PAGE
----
It seems silly to provide you with a stuffing recipe; I don’t know a family that doesn’t already have extremely strong opinions about how it should be made, and what should go into the casserole dish. If you do choose to follow a recipe, you’ll notice that some include a note about making the dish ahead. These recipes will instruct you to bake the stuffing one day ahead of schedule, then warm and crisp it in the oven when you’re ready to eat. To make great stuffing, you’ll want bread that is at least a day old, which means factoring bread-drying time into your schedule here. For truly excellent stuffing, start two days early.

Recommended recipes:
Sausage fennel stuffing [Epicurious]

Mashed potatoes

This is one of those gloriously simple dishes you definitely can make day-of, especially if you’ve gotten so much else done in advance. But if you’d rather make your mash one or two days ahead, it’s as easy as following your preferred recipe up until the serving step, and stashing the mashed potatoes in your fridge. When you’re ready to reheat, add a good bit more milk or cream as the mash warms through. The potatoes will have soaked up quite a bit of moisture as they cooled, and will need some assistance to become creamy again.

Recommended recipes:
Basic mashed potatoes [All Recipes]
Mashed potatoes [NYT]

Mac and cheese

To cook mac and cheese the day before, it’s worth finding a specific make-ahead recipe to avoid a mushy outcome. The make-ahead recipe will instruct you to slightly undercook the pasta and fully cool the sauce before mixing the two, so that when you finish cooking the dish, each noodle is perfect. If you’re dreaming of stovetop mac and cheese, don’t try to do this more than an hour or two in advance. The cheese sauce will get gloopy as it cools, and the noodles will turn to sludge when reheated.

Recommended recipes:
Make-ahead baked mac and cheese [The Kitchn]

The main course

In the spirit of shrinking the holiday spread this year, consider roasting a chicken, not a turkey. One upside to this swap — other than not having to eat turkey for a month — is that a whole chicken takes a lot less time to cook. Roast the bird about an hour before you plan to set the table, so it has a little time to rest. There’s not much to do the day before, except salting the entire bird liberally. You might think salting a day in advance is overkill, but it makes an enormous difference to the taste and texture of the meat. If you decide you’d rather cook a steak, or make some kind of roast this year, the same goes: Salt your meat, and do it well in advance.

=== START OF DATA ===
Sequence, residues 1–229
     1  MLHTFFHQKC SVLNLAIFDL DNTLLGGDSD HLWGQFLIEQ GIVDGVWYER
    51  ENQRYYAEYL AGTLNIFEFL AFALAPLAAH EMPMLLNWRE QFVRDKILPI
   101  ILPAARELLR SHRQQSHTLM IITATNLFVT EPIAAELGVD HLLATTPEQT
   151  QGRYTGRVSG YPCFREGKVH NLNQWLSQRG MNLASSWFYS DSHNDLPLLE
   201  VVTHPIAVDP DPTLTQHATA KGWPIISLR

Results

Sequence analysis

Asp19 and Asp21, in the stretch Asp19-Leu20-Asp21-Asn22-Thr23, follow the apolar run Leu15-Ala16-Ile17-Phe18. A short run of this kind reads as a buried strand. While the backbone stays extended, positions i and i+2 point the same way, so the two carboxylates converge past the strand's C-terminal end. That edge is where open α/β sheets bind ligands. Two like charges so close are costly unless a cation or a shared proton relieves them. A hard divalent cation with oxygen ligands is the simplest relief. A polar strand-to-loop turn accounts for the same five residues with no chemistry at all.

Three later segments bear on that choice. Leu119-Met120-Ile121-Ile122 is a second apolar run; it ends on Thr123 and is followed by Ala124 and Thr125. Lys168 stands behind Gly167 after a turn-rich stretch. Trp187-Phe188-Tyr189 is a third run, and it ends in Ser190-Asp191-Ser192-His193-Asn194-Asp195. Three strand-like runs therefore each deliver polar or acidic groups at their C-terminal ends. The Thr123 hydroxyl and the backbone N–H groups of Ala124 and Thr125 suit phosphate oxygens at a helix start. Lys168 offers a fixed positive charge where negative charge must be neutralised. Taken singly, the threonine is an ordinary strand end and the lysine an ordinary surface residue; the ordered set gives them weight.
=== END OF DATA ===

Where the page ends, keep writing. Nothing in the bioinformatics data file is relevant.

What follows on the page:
Recommended recipes:
Zuni Cafe chicken [NYT]
Butterflied roast chicken [Serious Eats]

Roasted Brussels sprouts

Most of cooking Brussels sprouts is actually a matter of preparing to cook Brussels sprouts. Peel, trim, or wash these little guys a day in advance, and refrigerate the prepared sprouts in a Tupperware or zipper-lock bag until it’s time to season and bake. If oven space is a concern, you could even bake these a day in advance and reheat them at dinnertime. Be cautious, though, because an overcooked Brussels starts to taste sulphuric, and reheating in the oven won’t provide enough heat to regain any crisp bits that sogged overnight.

Recommended recipes:
Roasted Brussels sprouts with garlic [NYT]
Crisp Brussels sprout chips [Nom Nom Paleo]
Shredded Brussels sprouts and bacon salad [Half Baked Harvest]

Green beans

Whether you go old-school with a cream-of-mushroom green bean casserole or you prefer your string beans another way, it probably makes sense to save this dish for day-of preparation. Reheating will cook green beans past the point of no return, and if all you’re doing is baking or blanching, that won’t take very long. You can trim the beans a day ahead, and leave everything else for a little closer to dinner time.

Recommended recipes:
Green bean casserole [Bon Appétit]
Sichuan green beans [Dinner Then Dessert]

Photo credits: Mashed potatoes photo, pamela_d_mcadams/Getty; Box photo, venakr / Getty